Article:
U.S. Supreme Court Rules in Favor of Property Rights—Twice
Washington, D.C.—Today, the U.S. Supreme Court ruled in favor of property rights in two major cases: Horne v. Department of Agriculture and City of Los Angeles v. Patel.
Horne v. Department of Agriculture
In this case involving the USDA’s annual seizure of raisins from raisin farms, the Court ruled that the Fifth Amendment’s requirement for the government to pay just compensation when it takes a person’s property applies to personal property, not just land. The Supreme Court stated, “The Government has a categorical duty to pay just compensation when it takes your car, just as when it takes your home.”
“Today, the U.S. Supreme Court held that it is a taking when the government takes your things,” said Robert McNamara, senior attorney at the Institute for Justice, a nonprofit civil rights law firm that fights for property rights. “The most remarkable thing about the decision is that the Supreme Court needed to say this in the first place.”
The Institute for Justice submitted an amicus brief to the Court in this case with Michael Berger, a leading property rights attorney at Manatt, Phelps & Phillips.
City of Los Angeles v. Patel
The Supreme Court ruled that a law allowing for inspection of hotel records without a court order was unconstitutional. Unlike some past rulings on the issue, today’s decision made it clear that unconstitutional inspections can be challenged on their face, rather than waiting for the law to be enforced.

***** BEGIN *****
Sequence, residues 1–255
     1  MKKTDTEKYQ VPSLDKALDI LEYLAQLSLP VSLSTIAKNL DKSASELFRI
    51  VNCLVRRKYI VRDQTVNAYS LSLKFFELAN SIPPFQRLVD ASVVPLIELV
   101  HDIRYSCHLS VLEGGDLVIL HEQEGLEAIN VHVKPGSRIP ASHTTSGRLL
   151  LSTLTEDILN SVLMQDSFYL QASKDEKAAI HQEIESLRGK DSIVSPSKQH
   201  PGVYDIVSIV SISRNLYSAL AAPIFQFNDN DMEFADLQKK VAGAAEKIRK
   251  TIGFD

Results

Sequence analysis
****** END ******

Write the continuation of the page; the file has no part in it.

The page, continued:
Although today’s decision addresses a technical detail of Fourth Amendment jurisprudence, it has wide ranging implications for landlords and tenants. The path is now clear for individuals to challenge ordinances allowing illegal administrative searches. Although this case concerned searches of hotel records, some of the most common searches are inspections of rental homes. Now, if a tenant objects to an inspection of his or her home, the government must get a warrant to do it. That has been the law for almost 50 years. Today’s ruling means that tenants and their landlords can challenge systems that allow for warrantless searches without having to wait for an actual inspector knocking at a tenant’s door.
“Countless cities across the country have unconstitutional rental inspection laws that are enforced every day,” said IJ Attorney Anthony Sanders, who authored an amicus brief in the case. “It is now clear that tenants do not have to wait for cities to be at their front door before going to court to strike down these laws. That means more tenants and landlords will be able to stand up for their property rights and challenge ordinances allowing for warrantless, illegal searches.”
IJ has protected the rights of property owners, tenants and landlords in various state and federal courts across the country. IJ represented Susette Kelo and other homeowners in the infamous Kelo v. City of New London, which was decided 10 years ago tomorrow, on June 23, 2005.